Hamstring injuries happen to people of all ages and all body types. Athletes specifically, tend to injury their hamstrings because of training, practice, and live sport. The reality is that anyone can suffer a hamstring injury, it just takes a tight muscle, and a sudden movement to trigger the injury. While you may have never experienced the injury first hand, surely you have heard of it. Let’s dive a little deeper into the injury and learn how to treat it if it happens to you.
The hamstring is made up of multiple muscles in the leg. These muscles run down the back of the leg and allow the knee to bend and are major supporting muscles for everyday activities like walking and running. The injury itself usually consists of a muscle tear and often happens during active movements like running, jumping, and explosive action. When one of these muscles becomes overloaded, the tissue can tear, and this is when the injury occurs.
What Does It Feel Like When You Pull A Hamstring
When you pull a hamstring, it’s pretty easy to identify. Mild strains might not sideline you, but you will notice them. Extreme pulls will have you in pain, unable to walk, and in need of professional attention. When you experience this, it might be accompanied by a snap or a pop, something audible that you can both hear and feel prior to the pain kicking in. The leg will require ice, and compression’s, and often times therapy and rehab to overcome the problem and get you back in action. You will be sore, and the strained area will be tender, even after treatment. It can take months and longer to recover fully.
How To Prevent Hamstring Injuries
You can do your best to prevent these injuries by taking care of your body, stretching well before activity, games, and afterward. Staying hydrated and fueling your system with the proper vitamins and minerals will also help keep your body tuned at an elite level. Warm-up well before strenuous activities, take time for deep stretching, and full-body movements. You need to also make sure that when you are working out, you are strengthening the supporting muscles around the hamstring. Muscles like quads and glutes need to be strong enough to carry the load, or the hamstrings will get the brunt of it.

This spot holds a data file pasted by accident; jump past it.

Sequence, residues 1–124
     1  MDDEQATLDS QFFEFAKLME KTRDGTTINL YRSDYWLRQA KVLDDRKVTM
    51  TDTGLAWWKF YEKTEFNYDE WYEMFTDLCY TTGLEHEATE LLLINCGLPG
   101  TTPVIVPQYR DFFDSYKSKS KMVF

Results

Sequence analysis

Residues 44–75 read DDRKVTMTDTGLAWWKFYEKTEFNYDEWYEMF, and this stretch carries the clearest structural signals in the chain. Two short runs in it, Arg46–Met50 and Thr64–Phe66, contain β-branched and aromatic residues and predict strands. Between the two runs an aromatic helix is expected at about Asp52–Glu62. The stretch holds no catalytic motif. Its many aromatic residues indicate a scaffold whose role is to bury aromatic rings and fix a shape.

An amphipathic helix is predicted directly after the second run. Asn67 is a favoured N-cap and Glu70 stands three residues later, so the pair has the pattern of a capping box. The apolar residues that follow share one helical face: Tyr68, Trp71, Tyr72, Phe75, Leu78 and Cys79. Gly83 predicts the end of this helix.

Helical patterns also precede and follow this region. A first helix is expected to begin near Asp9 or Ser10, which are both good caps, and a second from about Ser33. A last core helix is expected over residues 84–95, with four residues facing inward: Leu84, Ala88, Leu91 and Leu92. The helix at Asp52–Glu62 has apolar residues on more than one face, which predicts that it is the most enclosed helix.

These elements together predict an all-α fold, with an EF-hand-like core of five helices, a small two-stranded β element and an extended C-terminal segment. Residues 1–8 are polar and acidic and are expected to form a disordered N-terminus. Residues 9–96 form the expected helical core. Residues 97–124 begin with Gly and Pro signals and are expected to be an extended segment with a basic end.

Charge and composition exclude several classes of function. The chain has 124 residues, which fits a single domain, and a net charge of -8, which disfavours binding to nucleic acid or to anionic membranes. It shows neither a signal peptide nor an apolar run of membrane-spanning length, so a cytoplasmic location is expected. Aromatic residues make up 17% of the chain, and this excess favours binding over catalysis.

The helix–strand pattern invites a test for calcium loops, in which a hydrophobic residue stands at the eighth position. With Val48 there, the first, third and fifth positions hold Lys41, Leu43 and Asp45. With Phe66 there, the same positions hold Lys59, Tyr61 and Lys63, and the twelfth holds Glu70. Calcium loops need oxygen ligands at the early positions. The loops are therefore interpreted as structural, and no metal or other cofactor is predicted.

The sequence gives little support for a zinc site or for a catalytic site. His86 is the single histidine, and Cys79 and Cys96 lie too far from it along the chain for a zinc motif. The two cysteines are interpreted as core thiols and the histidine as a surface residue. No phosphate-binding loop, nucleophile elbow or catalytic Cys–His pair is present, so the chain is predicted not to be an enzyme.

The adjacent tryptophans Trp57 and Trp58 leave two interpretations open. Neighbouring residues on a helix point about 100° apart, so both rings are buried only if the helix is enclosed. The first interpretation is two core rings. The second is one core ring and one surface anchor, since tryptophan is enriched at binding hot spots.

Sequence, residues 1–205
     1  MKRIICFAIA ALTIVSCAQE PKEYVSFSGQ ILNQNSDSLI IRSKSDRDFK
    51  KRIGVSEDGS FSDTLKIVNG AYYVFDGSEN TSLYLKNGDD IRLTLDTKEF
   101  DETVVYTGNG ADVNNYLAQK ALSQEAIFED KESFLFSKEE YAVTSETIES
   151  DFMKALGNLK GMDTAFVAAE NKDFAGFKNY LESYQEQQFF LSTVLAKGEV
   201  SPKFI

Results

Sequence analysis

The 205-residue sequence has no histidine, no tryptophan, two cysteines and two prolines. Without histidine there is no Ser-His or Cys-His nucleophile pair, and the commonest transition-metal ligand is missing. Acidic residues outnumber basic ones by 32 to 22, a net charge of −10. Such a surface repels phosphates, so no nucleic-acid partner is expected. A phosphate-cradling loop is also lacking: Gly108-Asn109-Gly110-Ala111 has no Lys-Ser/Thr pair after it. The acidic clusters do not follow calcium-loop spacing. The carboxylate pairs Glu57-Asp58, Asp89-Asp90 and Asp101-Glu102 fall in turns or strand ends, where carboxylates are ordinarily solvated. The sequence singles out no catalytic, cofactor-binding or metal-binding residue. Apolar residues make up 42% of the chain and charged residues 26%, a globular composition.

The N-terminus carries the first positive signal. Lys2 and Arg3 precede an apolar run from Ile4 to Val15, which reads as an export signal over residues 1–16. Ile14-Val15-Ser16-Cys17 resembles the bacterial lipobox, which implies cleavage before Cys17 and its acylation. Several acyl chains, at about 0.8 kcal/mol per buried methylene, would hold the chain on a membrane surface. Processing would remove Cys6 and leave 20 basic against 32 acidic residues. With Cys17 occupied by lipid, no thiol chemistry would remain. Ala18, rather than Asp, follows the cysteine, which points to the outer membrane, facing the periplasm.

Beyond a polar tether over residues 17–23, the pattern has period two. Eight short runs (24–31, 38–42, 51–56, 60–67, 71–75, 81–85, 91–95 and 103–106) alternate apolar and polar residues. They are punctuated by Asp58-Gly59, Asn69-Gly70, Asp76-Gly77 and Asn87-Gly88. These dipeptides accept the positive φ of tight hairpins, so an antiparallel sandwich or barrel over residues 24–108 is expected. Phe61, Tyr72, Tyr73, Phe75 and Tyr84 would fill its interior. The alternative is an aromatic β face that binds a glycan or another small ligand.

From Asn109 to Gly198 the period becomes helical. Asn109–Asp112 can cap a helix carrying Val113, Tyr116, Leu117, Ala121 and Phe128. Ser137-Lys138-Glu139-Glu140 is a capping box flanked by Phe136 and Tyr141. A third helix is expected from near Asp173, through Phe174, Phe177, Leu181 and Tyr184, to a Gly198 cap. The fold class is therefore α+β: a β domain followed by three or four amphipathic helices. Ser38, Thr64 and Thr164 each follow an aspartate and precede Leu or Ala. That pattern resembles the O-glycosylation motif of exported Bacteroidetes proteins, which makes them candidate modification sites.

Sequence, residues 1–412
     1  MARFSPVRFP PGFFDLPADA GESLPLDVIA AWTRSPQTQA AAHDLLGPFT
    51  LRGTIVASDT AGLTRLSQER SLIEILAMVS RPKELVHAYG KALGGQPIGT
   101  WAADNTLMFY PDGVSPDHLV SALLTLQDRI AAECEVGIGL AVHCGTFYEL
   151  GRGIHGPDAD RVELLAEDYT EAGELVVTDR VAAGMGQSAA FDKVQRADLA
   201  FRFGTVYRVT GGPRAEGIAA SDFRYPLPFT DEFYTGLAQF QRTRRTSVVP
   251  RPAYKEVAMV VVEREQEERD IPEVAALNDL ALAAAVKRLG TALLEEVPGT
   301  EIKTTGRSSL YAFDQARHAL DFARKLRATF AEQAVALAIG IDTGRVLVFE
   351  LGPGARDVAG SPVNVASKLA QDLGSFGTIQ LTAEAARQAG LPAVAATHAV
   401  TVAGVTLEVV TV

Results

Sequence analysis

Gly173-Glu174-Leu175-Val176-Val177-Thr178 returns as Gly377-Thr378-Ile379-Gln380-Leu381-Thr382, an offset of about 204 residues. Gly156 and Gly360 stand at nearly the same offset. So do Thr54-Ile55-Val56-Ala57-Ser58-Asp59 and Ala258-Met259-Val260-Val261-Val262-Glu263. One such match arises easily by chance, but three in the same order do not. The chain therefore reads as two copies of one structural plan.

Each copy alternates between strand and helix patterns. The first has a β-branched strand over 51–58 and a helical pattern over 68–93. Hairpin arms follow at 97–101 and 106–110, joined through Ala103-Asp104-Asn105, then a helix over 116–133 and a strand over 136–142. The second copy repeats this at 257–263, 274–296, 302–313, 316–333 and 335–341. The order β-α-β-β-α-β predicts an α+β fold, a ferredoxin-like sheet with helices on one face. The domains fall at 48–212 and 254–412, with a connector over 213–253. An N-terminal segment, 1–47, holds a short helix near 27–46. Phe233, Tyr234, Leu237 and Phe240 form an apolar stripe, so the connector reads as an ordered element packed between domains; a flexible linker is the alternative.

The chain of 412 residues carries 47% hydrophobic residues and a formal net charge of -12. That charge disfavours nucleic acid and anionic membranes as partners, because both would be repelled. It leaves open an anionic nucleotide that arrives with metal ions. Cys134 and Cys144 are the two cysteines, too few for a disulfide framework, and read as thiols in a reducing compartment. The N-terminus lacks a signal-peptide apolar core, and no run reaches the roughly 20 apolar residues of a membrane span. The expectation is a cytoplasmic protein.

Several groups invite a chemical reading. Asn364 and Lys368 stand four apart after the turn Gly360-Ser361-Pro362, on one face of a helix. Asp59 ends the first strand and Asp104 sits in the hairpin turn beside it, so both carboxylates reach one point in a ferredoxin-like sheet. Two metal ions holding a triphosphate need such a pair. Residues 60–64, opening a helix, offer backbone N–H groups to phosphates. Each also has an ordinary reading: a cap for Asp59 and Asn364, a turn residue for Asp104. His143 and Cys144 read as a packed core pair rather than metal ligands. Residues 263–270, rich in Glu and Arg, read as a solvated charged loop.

The Recovery Process
If the injury is severe, you need to seek medical attention so that they can evaluate the severity of the injury. After it has been diagnosed, treatment can start. Treatment typically consists of multiple visits that include deep stretching, cold treatments, and heat treatments. You can find additional treatment resources by visiting sites like melbournecbdphysio.com.au, and accessing their blog or resource section to learn more about Resting your hamstring is often the best thing you can do during the recovery period. This means that when walking is necessary, you should consider a crutch to help you keep the weight of the injured leg. One Doctor suggests icing your injury multiple times per day and taking ibuprofen to reduce swelling. Keeping weight off of it, elevating it, and icing it is some of the best DIY hamstring recovery steps you can take to get better
How Do You Know When It’s Healed?
Most of the signs will be obvious, the pain should go away, swelling reduced, and any visible bruising should be gone. You will be able to walk on it without discomfort, and stretching shouldn’t cause you any pain. If it would provide you peace of mind, consider visiting your Doctor to confirm it’s healed before returning to sport or physical activity that might strain the muscle.